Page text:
My childhood was much like a lot of families growing up. My parents, who both worked, put in long hours to provide for us. Their goal was to save money, pay down the mortgage and debt, and save for a modest, comfortable retirement. As I grew up, they passed those same values on to me – either through direct advice, or purely through observation of habits.
Before I started my landscape company, I worked a regular job, with regular hours and a regular, consistent paycheck. I saved money for my rent, then my first down payment, but ultimately spent all my savings getting my landscape business started. I tried to pay cash for my equipment, keep my overhead minimal, and I ended up spending all my time on evenings and weekends doing work so that I could save money.
It wasn’t long into my career as a landscape contractor that I realized that some of my best landscape clients didn’t view finances the same way my parents did. In fact, I was extremely fortunate to have a lengthy conversation with one of my clients about the difference between saving money and making money. It’s a lesson I still carry with me every single working day.
Money-savers like to increase earnings, or personal wealth through cutting costs. They believe that there’s more profit available when you spend as little as possible. Money-makers believe in getting their money working for them. They typically spend more and carry more debt, but they trust that they’ll invest the money in opportunities that will enable them to grow their business, and profits, far beyond the costs of borrowing money.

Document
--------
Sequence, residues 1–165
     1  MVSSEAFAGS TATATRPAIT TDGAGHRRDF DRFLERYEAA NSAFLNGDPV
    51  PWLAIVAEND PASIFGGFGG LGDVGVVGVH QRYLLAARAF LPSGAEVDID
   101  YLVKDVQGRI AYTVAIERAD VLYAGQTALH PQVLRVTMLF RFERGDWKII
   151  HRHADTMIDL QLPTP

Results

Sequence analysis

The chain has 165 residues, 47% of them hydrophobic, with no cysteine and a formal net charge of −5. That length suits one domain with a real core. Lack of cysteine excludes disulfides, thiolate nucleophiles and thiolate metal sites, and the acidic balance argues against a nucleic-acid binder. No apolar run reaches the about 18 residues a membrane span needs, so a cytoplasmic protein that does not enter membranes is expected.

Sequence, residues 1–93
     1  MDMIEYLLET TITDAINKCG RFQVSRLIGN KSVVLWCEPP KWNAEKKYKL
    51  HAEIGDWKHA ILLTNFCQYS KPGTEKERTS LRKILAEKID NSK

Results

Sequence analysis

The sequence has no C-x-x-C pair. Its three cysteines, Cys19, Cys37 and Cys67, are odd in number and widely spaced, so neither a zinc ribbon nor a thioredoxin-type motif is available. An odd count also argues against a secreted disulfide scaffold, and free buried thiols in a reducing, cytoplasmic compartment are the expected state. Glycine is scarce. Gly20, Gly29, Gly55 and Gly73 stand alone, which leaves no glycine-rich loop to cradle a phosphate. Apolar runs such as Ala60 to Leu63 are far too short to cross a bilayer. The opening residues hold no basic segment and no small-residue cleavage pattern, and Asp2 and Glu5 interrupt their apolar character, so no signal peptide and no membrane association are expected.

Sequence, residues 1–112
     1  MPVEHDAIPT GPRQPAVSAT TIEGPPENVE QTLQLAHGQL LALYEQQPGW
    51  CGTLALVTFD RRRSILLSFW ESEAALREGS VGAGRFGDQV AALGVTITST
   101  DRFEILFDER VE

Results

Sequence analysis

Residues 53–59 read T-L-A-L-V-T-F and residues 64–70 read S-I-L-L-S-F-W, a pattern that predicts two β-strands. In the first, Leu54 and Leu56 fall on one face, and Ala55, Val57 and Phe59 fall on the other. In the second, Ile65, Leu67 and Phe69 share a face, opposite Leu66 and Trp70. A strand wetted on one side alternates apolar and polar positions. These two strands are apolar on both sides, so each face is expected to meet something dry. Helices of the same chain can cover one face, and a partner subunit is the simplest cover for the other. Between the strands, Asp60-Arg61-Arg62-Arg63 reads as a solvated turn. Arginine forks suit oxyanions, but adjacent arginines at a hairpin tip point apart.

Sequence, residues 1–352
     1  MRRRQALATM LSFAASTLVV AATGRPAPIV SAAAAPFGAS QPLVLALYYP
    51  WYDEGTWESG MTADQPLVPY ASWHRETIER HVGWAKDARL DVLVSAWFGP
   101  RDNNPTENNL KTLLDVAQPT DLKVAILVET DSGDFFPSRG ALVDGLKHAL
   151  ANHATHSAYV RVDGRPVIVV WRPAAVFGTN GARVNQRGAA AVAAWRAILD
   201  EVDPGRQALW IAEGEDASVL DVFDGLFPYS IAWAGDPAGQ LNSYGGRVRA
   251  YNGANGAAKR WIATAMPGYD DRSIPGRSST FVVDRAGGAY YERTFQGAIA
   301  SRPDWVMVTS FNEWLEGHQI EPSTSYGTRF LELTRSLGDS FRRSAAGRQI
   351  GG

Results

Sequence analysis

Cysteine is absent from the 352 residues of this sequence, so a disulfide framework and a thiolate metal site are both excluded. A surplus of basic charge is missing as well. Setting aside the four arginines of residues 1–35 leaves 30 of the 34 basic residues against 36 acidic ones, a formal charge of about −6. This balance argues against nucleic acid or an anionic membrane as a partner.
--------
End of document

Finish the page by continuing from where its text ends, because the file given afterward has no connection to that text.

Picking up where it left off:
I was extremely fortunate to have a lengthy conversation with one of my clients about the difference between saving money and making money.
Let’s take a look at how money-savers and money-makers take different approaches to one of the most complicated problems in the landscape industry: hiring and retaining good labor.
Hiring and compensating staff
Money savers: Hire staff for the lowest competitive wages. They limit overtime and benefits and don’t typically invest much in training.
Money makers: Spend more on wages in the hopes they attract better, more competent staff. They’d rather pay more for staff and get people who make less mistakes, require less supervision, and work harder because they value their job, and the extra compensation it provides.
On one end of the spectrum, you have maintenance labor. These roles have little responsibility, make very few decisions and typically have significant turnover. It doesn’t make sense to over-pay for these roles.
On the other end of the spectrum you have roles such as install foreman. A foreman likely makes 150 small decisions a day that have a direct impact on the speed/efficiency/safety or preparation of the job. Their pace and decision-making dictates the productivity of the entire crew and every hour over budget on a job costs hundreds of dollars in unrecovered wages, overhead, equipment costs and lost opportunity on another job.